So sports. The easy, most obvious way to be able to hold your head high. Pound that chest. Try to be +500 on the season and don't shame your team by sleeping with your line mates wife. I'm going to the gym.
(...i'm not really going to the gym...)

October 11, 2008

Faith, Religion, Atheists, and Hell

Ch. 3

There is an over-whelmingly large population of believers all throughout the world. Go to any part of any country. There will be those who either give thanks to a higher being, those who ask a higher being for better fortune in the future, and those who simply just need someone to blame for any injustice in the world.

When we see so much tragedy in the world (which is broadcasted more effectively than ever thanks to technology), it is hard to imagine there couldn't be life after death to balance out the atrocities. There needs to be a place for those of us that done good in this world, and those of us who did nothing but use and abuse. Right?? Societies all around the world have this expectation that there will be something more after death. Something for the babies that die in the womb, something for those who suffer through years of dialysis but finally succumb to cancer, and something for those murderers and rapists of the world, too.
So we reject the concept of just ceasing to exist. St. Peter has to be waiting for each of us at God's Golden Gate. That three-headed hellhound has to be guarding the River Styx. The Rainbow Bridge that connects us to our dead pets will be open 9 til 5, the 7th Circle of Hell really is where the nastiest of individuals burn, and for us "good" ones - we will get to be with that list of loved ones that have left us years - decades - before... and the philly cream cheese will have never tasted better.

Being removed from this earth and everything on it that we are familiar with is impossible to comprehend. Pi Patel was perhaps one of the more enlightened of us since he had the opportunity to investigate and realize the merits of hinduism, christianity, and islam at a young age. After some hassling from his parents/cleric figureheads about choosing 1 religion, Pi declares that he "just wants to love God". His strength through faith shows us that even a young boy can survive on a raft with a tiger, orangutan, and a hyena for 270 days or something. He understood that the probability of his family's survival was nil yet he didn't cave in either. Which of the religion's heavens might have he been welcomed in to? What if he didn't have the strength to carry on and ended his own life by jumping overboard? Would he suffer in the 3rd or 4th circle of hell for all of eternity for this? What if his family did one while he did the other and was therefore separated from them after death for all of eternity - him in (some) Heaven and his family split between various fiery realms ruled by Satan, or vice versa???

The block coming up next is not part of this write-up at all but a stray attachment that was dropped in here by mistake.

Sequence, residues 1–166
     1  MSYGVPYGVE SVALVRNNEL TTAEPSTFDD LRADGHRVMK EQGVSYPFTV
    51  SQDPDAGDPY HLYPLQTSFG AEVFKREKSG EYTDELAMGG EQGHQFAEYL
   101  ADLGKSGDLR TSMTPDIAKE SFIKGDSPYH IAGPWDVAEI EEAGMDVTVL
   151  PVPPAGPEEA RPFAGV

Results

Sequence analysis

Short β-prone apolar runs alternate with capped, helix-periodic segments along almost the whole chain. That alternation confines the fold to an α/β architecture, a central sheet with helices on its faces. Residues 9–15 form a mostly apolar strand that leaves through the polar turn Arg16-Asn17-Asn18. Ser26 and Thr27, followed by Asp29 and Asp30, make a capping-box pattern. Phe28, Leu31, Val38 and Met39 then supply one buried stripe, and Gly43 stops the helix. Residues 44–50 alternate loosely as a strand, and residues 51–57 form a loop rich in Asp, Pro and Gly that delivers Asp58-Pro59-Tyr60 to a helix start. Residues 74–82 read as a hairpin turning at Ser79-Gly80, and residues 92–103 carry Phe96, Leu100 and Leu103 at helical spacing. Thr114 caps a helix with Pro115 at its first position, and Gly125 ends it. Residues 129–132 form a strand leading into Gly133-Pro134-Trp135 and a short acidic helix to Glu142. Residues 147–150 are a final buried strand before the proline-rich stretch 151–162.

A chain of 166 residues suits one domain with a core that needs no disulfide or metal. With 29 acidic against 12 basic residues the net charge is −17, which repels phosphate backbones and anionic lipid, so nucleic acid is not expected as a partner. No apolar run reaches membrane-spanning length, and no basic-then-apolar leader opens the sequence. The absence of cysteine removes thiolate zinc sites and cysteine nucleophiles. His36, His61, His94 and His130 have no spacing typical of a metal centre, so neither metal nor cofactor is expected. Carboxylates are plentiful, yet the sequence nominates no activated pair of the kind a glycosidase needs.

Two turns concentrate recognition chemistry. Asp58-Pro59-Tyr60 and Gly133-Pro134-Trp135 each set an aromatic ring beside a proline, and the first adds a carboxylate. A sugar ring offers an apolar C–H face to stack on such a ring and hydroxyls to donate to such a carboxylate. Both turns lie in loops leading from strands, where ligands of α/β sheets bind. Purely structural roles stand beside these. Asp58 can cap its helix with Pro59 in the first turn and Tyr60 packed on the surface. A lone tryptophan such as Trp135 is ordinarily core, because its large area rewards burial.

Another question that I have is how do we put a value on a life? I touched on this before in some blog about some of the horrific stories pertaining to animal cruelty. Recently laws were passed saying that docking a dog's tail is now illegal since the animal can feel the pain. Renown kennel clubs weren't happy to hear this since fewer dogs will meet the breed standard. But they do feel pain. The argument might go that domesticated animals are only worth sparing any pain. We all need beef burgers after all. So when I torture ants by frying them with a magnifying glass, this is okay. And when I tame a lion with the crack of my whip, or I beat my horse with a piece of leather urging it to get around the track faster, that is also just fine. But if we have such a hard time drawing the line for domesticated animal cruelty, then I suppose it would also be difficult to determine how and when lethal punishment of human beings is acceptable in our society. How can a guy like Robert Pickton - who obviously not have any respect for life or people at all, have his own life spared through a bureaucratic system funded by our own tax dollars in this very just democracy? How can a guy like James Rozko be spared from living a life here on earth being hated by essentially everyone and instead just leave this world? Is it his fault that he didn't have the support networks like so many of us have which resulted in him becoming a murderer? Does becoming a murderer deserve an eternal place being tortured in hell? Can that kind of a murder really be distinguished from the murder of your cousin when she was killed by the idiot drunk driver in the pick-up truck??